Back in the 1980s, I interviewed Stanley Marcus, board chairman of the luxury retailer, Neiman Marcus. I’ll freely admit I was a bit gobsmacked. My father, himself a great merchant in my eyes, had run a small department store in a small town in rural western Ohio. Dad had an eye like no other in terms of quality, style, affordability and what his clients wanted. To Dad’s market, his goods were top of the line.
Perhaps I got a bit carried away, complimenting Mr. Marcus on what he chose to offer his clients. He tolerated my fawning for a moment, then raised an authoritative index finger and said, “Never forget, good taste need not be expensive.” He was right! Dad’s career had shown me that long ago. But hearing that from this legendary retailer … well, I was even more gobsmacked.
That aphorism about taste and cost goes way beyond what anyone might find in the aisles of Bergdorf Goodman, Saks or Walmart. It applies to the garden as well. The photo above, I think, makes the point. There’s not a thing in the picture that cost more than $50.
Now, forgive any immodesty here, but I have some highfalutin' plants in my garden. Never mind. The humble little assemblage you see pictured, and which I change regularly, never fails to garner compliments from even the most erudite plants people who’ve visited me, the legendary Rosemary Verey among them. Allow me to break it down a bit for you.
The pedestals came from a poured concrete garden ornament dealer near Anacortes. Each cost less than $50. Similar pedestals almost always are to be found if one is not distracted and blows past the gnomes, frogs, mushrooms and tacky Buddhas. They are available in assorted heights and shapes, making interesting groupings. Regular hosing when I water quickly discolors the raw concrete; moss creeps in and, voila! Patina. Ask me where they came from or what they cost and, if I’m in a petulant mood, I’m likely to say, “I had them shipped over from Rome, not certain what century, but old.”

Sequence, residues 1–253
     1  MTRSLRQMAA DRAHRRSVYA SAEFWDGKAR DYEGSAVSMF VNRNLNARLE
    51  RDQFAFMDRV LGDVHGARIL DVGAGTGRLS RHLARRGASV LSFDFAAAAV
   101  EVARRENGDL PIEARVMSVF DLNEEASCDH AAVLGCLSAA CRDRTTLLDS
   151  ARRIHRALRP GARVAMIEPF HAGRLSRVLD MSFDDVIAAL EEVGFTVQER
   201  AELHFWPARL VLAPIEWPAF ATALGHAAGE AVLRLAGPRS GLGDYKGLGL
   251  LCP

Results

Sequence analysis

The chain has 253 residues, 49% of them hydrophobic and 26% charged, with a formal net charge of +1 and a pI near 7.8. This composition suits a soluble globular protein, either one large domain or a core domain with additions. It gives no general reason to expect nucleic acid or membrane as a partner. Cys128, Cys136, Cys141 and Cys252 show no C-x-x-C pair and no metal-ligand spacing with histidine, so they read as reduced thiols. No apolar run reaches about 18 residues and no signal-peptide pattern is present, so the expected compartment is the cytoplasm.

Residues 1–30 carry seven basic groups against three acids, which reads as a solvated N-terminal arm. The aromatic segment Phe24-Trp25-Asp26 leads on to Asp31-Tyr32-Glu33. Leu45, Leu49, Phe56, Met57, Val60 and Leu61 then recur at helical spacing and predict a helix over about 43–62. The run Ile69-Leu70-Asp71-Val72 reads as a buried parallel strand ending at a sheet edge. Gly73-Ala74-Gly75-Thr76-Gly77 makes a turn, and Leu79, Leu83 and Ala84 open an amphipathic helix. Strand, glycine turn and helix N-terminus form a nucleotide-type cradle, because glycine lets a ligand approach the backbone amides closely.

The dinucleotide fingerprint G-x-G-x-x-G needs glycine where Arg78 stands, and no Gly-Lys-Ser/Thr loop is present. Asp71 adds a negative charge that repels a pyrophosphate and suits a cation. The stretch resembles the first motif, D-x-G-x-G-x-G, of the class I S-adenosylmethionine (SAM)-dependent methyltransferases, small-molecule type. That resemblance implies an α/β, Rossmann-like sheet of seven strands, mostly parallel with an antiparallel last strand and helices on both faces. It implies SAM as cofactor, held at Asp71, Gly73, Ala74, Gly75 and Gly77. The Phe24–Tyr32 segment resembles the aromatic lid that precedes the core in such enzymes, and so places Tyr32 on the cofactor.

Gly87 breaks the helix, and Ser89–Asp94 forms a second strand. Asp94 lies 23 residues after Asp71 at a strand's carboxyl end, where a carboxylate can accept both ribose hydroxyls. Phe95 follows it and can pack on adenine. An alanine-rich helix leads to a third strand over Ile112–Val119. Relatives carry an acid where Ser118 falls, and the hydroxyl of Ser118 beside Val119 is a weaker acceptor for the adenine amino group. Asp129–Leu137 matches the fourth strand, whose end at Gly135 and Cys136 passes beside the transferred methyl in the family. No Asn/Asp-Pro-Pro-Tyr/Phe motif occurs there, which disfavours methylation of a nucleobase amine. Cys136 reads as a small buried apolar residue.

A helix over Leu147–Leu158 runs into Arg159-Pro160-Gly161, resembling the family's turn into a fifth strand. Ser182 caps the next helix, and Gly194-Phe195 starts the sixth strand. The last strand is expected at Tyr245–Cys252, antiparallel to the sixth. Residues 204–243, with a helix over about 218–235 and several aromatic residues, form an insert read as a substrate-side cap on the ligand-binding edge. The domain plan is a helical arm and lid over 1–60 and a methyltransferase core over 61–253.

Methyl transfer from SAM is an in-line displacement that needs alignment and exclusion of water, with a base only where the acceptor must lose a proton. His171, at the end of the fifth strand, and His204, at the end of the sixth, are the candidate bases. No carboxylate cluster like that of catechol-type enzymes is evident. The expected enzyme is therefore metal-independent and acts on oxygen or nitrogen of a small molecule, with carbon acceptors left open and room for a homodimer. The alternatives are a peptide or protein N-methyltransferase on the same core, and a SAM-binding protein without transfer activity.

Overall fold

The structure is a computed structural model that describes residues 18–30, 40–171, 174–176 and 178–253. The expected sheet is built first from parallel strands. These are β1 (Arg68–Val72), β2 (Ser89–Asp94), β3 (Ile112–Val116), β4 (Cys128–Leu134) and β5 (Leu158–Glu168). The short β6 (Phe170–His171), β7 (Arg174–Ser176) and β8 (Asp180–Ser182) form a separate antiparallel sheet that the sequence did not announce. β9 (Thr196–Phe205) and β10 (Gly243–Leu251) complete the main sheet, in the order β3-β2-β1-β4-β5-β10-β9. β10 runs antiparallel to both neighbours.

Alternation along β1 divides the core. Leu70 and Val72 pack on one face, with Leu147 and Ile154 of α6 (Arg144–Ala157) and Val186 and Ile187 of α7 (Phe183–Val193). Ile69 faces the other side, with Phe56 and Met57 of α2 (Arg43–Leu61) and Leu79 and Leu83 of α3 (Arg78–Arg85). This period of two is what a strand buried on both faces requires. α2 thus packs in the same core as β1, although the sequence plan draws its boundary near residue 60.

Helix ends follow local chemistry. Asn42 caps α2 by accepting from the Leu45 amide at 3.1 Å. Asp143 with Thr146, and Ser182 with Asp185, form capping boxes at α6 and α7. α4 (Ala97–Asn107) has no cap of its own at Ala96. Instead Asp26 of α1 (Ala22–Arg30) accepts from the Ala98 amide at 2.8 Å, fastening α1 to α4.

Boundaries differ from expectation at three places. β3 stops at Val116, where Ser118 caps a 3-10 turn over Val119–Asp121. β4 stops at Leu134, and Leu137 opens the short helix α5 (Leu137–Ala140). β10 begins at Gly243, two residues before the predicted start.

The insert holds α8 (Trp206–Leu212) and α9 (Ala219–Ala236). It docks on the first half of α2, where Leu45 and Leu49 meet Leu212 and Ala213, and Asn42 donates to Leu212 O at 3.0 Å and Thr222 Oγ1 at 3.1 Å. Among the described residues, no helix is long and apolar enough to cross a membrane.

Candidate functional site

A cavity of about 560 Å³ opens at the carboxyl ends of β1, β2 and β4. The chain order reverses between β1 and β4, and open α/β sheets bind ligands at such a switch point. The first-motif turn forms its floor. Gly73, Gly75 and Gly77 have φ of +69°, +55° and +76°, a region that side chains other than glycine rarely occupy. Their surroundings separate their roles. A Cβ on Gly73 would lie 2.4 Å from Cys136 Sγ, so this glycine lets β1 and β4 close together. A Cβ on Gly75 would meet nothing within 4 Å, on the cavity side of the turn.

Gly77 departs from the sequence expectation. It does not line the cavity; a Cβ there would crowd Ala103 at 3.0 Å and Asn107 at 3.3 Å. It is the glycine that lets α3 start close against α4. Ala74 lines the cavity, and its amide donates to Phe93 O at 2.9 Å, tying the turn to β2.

A terra cotta or rustically glazed pot, turned upside down, can also make an excellent mid-level pedestal. Clay flue tiles or log rounds, evenly cut on both ends and stood upright, also work. My pal, the painter Leo Adams in Yakima, uses old rusted iron sewage and pumping pipes on end. These look especially exotic with trailing plants cascading down around them. Vinca major is a good choice.
Back to the photograph. The top container holds a collection of three different small, variegated English ivies: Hedera helix “Needlepoint.” These were snipped from friends’ gardens when my son was little; he turned 40 last month. Initially 8-inch shoots, we took them home, rooted them in water, then planted them in a sizable pot with a rich mix. These ivies will also be available right now, in 4-inch pots, ready for planting. But there’s fun to be had in getting kids to change the water every few days, witness the white dots appear on the submerged stems and then see roots snake out (read that one more project to keep pandemic-bound kids entertained and learning).
Assemble an ivy pot like this, and you will have a low-maintenance dream. Water it when you think about it, shoot a bit of fertilizer to it when you feed other container plants. When tendrils get too rambunctious, snip them back, making the planting all the more thick and luxurious. You’ll have a long-lasting, totally undemanding, living art object to move wherever needed when any part of the garden needs perking up.
The geranium came off the sale table at Fred Meyer, 99 cents. It was mislabeled Pelargonium “VancouverCentennial.” Close enough for me, still pretty and who can resist a stray cat, dog or plant in need of love? The hosta, “Hadspen Blue” was another good deal from the distressed plant table at Fred’s, $7.99, 50 percent off as I recall. My savings account is growing!
Now, one more lesson when it comes to grouping a disparate collection of plants and containers. Try to stick to the Rule of Threes. Three levels: floor, short pedestal, tall pedestal; three textures: ivy, geranium and hosta leaves (the bloom is a bonus); choose three compatible containers (no brightly glazed pots, here); three foliage colors: green, cream and blue (the touch of burgundy add another bonus).
So, should this assemblage of horticulture and garden ornamentation strike you as tasteful, you have Stanley and Dad to thank. None of it was pricey. If you choose to duplicate the effort, have a good time in the hunt for plants, containers and pedestals, as well as in the planting and sense of satisfaction once finished. Should you be asked where it all originated, the question likely comes from someone who, too often, reads labels. Have some fun. Mess with them a little. Just shrug your shoulders and say, “I really can’t remember. Rome? Neiman Marcus, maybe?”